Burgundy wine exports rose by 6.9% in volume and 9.3% in value to €650 million (£555.3m) in the first eight months of 2019, versus the same period of last year.
That’s a new record for the first eight months of any calendar year and it included volume growth of 6% in the US, the biggest overall destination for Burgundy wines, as well as a 40% rise in shipments to China.
But winemakers are concerned that trouble lies ahead, predominantly because of the 25% import tariff imposed by the US last month on still wines at 14% abv or below from France, Spain, Germany and the UK.
‘We have known all kinds of crises, but have never experienced such a tax,’ said Louis-Fabrice Latour, president of Burgundy’s Wine Council (BIVB), at a press conference ahead of last weekend’s Hospices de Beaune auction.
There is also concern among nearby Beaujolais producers, although US orders were maintained for this week’s Beaujolais Nouveau celebrations, according to Charles Rambaud, responsible for exports to North America for trade body Inter Beaujolais.
‘It is too early to have any reliable figures, therefore we remain patient and will assess the situation later this year,’ Rambaud said.
They are not the only ones watching the situation closely; analysts speaking to Decanter magazine recently spoke of a sense of foreboding on the global fine wine market. The US tariffs come amid ongoing Brexit uncertainty and also political unrest in Hong Kong.
‘Other markets cannot pick up the slack’
Wineries fear that US orders may fall and Latour said that, for Burgundy, the ‘indispensable’ nature of the US market would be hard to replace if that happens.
The US accounts for 60% of all Pouilly-Fuissé sales, for example. ‘Other markets cannot pick up that slack’, he said.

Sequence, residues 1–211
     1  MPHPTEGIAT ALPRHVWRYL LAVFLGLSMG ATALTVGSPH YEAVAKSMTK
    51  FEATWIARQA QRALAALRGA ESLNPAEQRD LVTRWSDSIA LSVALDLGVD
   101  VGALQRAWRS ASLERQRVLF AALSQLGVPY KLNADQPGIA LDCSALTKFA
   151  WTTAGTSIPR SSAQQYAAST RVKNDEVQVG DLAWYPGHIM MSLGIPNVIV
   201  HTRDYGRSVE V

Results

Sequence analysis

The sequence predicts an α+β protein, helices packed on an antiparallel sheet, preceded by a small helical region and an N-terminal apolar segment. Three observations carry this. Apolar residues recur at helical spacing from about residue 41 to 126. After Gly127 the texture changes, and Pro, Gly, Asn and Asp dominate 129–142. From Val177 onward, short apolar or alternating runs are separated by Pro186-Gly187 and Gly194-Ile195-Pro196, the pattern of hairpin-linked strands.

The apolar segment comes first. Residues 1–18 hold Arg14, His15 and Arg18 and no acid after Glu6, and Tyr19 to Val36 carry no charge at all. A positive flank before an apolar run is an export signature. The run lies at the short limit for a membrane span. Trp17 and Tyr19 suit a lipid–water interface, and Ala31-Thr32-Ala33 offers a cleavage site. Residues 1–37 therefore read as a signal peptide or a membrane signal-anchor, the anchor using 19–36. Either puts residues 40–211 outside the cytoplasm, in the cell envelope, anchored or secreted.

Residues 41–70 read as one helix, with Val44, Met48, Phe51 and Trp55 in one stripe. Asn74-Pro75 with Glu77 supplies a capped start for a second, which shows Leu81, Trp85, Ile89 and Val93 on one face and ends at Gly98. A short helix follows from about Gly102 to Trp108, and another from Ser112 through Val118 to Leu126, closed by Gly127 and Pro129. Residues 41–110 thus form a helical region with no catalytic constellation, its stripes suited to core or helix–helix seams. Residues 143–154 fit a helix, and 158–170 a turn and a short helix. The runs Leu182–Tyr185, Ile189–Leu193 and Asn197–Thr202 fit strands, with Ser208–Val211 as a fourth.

Burgundy can’t expect too much protection from US wine distributors, said Thiébault Huber, president of the confederation of Burgundy appellations.
‘They worry more about the bottom line and if the tariff remains in place for a longer period of time, they will find substitutes to our wines that would not have the 25% tax.’ he said.
Although the tariff is set to apply for an initial period of four months, it could well be extended and ‘we would risk losing shelf listings, and once they are lost, you need many more years to re-conquer them,’ said Latour.
There has been little sign of a swift end to the new levy, which is part of $7.5bn worth of import taxes imposed by the US on hundreds of EU products in response to a long-running dispute over aerospace subsidies.
The World Trade Organisation approved the tariffs and the EU has asked for permission to retaliate, via a parallel case – although both sides have claimed they would prefer to negotiate a deal.
Shipping in bulk
Some producers in the Mâcon, Beaujolais and Chablis regions have been contemplating shipping their wine in bulk and having it bottled in the US, which would exempt the wines from the new tax.
Although technically feasible from a quality point-of-view, Huber said the problem was ethical in nature; ‘Do you want to see village level, premier cru and grand cru Burgundy no longer bottled at the domains?’
At the press conference, Latour called on winemakers to not give into that temptation.
Extra reporting and editing by Chris Mercer.